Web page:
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. 2017;22(1):56-65.
doi: 10.1080/1059924X.2016.1251368.

"When This Breaks Down, It's Black Gold": Race and Gender in Agricultural Health and Safety


"When This Breaks Down, It's Black Gold": Race and Gender in Agricultural Health and Safety

Kathrine Lynn Barnes et al. J Agromedicine. .


Farmers are growing older, and fewer new agriculturists are rising to take their place. Concurrently, women and minorities are entering agriculture at an increasing rate. These rates are particularly curious viewed in light of the racialized and gendered nature of agriculture. Slavery and agriculture share strong historical roots, with many male slaves performing agricultural labor. So then, why would African American women choose to engage in agriculture in any form? Participant observation and in-depth interviews with a group of African American women urban farmers in the southeastern United States were asked this question. Interviews with seven such women revealed their perception of self-sustainable small-scale agriculture as a departure from, not return to, slavery. The women drew metaphors between the Earth and femininity, believing their work to be uniquely feminine. Production of food for consumption and trade provides a source for community and healthy food amid urban poverty and the plight of food deserts. These data encourage agricultural health and safety professionals and researchers to tackle the health-promoting nature of such work, with the entrée of anthropology and other social sciences into the field. In many ways, these women portrayed small-scale food cultivation as an important component of, rather than a threat to, health and safety. Indeed, they viewed such labor as wholly health promoting. Their strong social connections provide a potential means for community-led dissemination of any relevant health and safety information.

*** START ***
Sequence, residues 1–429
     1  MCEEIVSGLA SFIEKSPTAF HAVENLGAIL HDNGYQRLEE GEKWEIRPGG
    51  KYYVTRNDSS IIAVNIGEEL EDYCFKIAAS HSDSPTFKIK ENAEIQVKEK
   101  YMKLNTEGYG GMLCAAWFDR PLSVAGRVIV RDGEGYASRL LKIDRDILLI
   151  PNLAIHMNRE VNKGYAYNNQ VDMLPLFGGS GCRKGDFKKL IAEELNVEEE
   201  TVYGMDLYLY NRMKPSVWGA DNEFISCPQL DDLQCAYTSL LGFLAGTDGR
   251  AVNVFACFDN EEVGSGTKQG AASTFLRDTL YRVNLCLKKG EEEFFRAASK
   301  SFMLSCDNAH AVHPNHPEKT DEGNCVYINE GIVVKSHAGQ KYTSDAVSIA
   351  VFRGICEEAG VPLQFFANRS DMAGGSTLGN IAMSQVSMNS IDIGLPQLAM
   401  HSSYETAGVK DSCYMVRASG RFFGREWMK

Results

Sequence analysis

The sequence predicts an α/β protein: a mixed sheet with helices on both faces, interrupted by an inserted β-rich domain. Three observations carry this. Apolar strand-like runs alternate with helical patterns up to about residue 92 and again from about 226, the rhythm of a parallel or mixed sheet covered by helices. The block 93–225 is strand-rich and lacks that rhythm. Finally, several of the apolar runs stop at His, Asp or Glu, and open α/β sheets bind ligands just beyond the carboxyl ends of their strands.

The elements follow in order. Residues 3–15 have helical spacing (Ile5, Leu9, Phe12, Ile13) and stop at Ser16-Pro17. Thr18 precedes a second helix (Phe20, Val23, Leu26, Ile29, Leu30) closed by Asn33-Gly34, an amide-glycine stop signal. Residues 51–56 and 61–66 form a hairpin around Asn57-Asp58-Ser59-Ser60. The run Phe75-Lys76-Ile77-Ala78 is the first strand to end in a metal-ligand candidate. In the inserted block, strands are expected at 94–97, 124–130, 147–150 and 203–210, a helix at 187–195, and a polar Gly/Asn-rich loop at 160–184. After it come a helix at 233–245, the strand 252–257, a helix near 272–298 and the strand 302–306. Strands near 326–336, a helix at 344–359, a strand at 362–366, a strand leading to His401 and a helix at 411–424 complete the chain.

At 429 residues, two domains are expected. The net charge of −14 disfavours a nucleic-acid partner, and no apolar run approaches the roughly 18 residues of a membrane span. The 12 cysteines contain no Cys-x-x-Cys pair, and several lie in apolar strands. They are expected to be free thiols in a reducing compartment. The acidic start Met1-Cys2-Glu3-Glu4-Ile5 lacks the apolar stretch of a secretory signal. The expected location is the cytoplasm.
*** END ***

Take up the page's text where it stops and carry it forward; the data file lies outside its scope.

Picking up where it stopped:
Keywords: Gender; health; race; safety; urban agriculture.

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